Bede's list does not follow the standard but includes others such as the Capitol at Rome and the Theater of Heraclea. Even ancient writers disagreed on what wonders should appear on a list, but it does not seem any would have denied the magnificence of the seven standards recognized today, all of which were raised at sites around the Mediterranean between c. 2560-280 BCE.
Great Pyramid at Giza
The Great Pyramid at Giza was constructed between 2589 and 2566 BCE during the reign of the Egyptian pharaoh Khufu (known in Greek as 'Cheops') and was the tallest manmade structure in the world for almost 4,000 years. It is thought to have been completed by his successor Khafre c. 2560 BCE at a height of 146 meters (479 ft) with a base of 230 meters (754 ft) using over two million blocks of stone. Excavations of the interior of the pyramid were only initiated in earnest in the late 18th and early 19th centuries, and so the intricacies of the interior which so intrigue modern people were unknown to the ancient writers. It was the structure itself with its perfect symmetry and imposing height which impressed ancient visitors. At the time Diodorus was writing, the pyramid may still have been sheathed, at least partially, with the white limestone facing that made it shine brightly for miles around.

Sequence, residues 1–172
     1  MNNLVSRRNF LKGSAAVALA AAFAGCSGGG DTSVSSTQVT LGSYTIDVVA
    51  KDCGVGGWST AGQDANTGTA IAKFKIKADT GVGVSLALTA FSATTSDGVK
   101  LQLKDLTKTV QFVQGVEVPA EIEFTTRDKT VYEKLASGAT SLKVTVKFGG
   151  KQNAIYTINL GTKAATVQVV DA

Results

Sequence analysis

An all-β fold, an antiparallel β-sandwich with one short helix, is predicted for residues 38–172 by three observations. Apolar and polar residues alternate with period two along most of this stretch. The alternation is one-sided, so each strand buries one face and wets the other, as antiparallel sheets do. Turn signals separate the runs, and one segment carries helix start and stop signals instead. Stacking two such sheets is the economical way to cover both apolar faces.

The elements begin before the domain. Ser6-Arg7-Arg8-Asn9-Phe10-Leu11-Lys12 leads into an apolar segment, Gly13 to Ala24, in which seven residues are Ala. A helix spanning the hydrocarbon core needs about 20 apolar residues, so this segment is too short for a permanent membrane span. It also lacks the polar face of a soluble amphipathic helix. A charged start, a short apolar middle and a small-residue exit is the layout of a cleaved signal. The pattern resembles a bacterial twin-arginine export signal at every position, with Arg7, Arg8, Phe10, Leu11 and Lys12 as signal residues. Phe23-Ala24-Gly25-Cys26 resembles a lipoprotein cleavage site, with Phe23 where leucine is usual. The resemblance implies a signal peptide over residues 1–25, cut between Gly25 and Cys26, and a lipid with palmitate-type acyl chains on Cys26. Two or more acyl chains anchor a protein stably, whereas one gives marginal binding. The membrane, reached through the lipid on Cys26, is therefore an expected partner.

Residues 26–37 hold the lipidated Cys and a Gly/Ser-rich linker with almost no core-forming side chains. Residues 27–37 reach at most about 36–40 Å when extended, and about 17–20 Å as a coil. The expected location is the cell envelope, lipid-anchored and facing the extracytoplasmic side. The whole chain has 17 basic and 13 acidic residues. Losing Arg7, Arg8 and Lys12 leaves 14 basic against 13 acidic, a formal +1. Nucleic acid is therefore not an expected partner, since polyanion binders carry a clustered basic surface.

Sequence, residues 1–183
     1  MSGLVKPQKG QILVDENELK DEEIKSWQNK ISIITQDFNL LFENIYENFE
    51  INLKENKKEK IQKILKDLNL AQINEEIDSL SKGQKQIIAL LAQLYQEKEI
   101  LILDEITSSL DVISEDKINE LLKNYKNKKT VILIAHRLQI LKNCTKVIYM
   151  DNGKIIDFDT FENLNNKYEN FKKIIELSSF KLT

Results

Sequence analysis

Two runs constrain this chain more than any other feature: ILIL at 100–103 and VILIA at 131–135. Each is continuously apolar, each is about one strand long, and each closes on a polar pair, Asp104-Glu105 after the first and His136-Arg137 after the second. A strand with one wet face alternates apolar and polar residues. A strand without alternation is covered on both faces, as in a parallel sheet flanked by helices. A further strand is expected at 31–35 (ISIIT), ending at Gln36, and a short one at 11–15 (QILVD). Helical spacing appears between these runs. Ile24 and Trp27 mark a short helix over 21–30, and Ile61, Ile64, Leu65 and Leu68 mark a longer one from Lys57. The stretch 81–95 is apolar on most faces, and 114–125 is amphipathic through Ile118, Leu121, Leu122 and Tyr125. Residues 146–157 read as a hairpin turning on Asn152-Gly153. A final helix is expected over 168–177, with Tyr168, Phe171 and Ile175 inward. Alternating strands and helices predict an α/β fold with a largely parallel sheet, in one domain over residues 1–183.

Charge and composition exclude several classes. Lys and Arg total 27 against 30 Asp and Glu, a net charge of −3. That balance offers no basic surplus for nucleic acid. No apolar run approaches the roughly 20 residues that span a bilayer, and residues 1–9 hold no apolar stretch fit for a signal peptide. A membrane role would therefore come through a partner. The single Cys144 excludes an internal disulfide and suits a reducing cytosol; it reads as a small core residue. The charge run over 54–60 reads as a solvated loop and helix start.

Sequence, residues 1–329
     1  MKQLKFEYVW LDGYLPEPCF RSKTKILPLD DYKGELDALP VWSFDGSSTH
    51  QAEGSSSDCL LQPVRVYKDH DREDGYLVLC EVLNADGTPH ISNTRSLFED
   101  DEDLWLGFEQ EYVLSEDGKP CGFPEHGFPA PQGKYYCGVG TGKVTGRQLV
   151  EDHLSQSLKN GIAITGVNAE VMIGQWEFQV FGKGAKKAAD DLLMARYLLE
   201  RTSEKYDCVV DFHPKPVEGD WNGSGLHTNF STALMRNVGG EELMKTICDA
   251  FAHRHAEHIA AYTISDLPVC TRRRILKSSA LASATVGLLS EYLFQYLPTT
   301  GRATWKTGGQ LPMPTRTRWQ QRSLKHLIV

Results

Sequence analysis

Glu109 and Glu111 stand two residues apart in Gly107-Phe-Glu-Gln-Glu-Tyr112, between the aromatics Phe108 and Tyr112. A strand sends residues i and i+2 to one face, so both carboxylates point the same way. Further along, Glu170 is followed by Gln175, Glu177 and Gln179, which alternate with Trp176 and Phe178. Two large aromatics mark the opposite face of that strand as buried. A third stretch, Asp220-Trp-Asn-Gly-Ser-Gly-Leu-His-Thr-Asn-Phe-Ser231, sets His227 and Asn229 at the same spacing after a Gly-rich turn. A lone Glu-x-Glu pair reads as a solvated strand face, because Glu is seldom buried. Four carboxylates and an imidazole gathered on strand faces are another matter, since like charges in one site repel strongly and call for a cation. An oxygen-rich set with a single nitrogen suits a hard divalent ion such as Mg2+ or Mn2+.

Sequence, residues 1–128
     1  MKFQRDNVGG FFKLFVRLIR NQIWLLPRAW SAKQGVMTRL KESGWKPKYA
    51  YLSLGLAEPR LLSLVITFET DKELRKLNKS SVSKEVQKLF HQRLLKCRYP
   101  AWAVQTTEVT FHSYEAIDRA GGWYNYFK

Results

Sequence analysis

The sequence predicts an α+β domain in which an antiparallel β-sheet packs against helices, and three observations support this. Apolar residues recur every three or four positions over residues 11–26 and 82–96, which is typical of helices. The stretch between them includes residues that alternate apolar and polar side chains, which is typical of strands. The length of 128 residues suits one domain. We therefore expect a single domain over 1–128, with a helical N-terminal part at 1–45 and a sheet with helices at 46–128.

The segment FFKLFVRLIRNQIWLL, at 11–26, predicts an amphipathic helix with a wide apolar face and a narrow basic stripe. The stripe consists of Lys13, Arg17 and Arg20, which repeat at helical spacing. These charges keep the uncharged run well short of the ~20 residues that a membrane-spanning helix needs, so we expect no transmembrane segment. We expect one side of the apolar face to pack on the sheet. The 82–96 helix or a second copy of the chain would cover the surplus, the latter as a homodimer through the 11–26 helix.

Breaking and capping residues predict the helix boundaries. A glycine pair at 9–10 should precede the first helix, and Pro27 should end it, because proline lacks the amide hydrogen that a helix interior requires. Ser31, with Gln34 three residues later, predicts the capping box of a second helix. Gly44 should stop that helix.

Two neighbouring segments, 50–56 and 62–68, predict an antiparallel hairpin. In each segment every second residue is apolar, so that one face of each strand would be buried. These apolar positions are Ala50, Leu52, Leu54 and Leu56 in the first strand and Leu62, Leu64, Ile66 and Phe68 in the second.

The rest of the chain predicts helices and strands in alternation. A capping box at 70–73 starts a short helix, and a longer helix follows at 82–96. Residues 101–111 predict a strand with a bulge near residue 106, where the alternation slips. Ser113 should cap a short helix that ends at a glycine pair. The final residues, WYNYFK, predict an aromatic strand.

Hanging Gardens of Babylon
The Hanging Gardens of Babylon, if they existed as described, were built by Nebuchadnezzar II between 605-562 BCE as a gift to his wife. They are described by Diodorus Siculus as being self-watering planes of exotic flora and fauna reaching a height of over 23 meters (75 ft) through a series of climbing terraces. Diodorus wrote that Nebuchadnezzar's wife, Amtis of Media, missed the mountains and flowers of her homeland and so the king commanded that a mountain be created for her in Babylon.
The controversy over whether the gardens existed comes from the fact that they are nowhere mentioned in Babylonian history and that Herodotus (l. c. 484-425/413) makes no mention of them in his descriptions of Babylon. There are many other ancient facts, figures, and places Herodotus fails to mention, however, and there is some doubt as to whether he actually visited Babylon. Diodorus, Philo, and the historian Strabo all claim the gardens existed, but it may be they confused Babylon with Nineveh which was famous for its gardens and parks. If the Hanging Gardens did exist, they are said to have been destroyed by an earthquake sometime after the 1st century CE.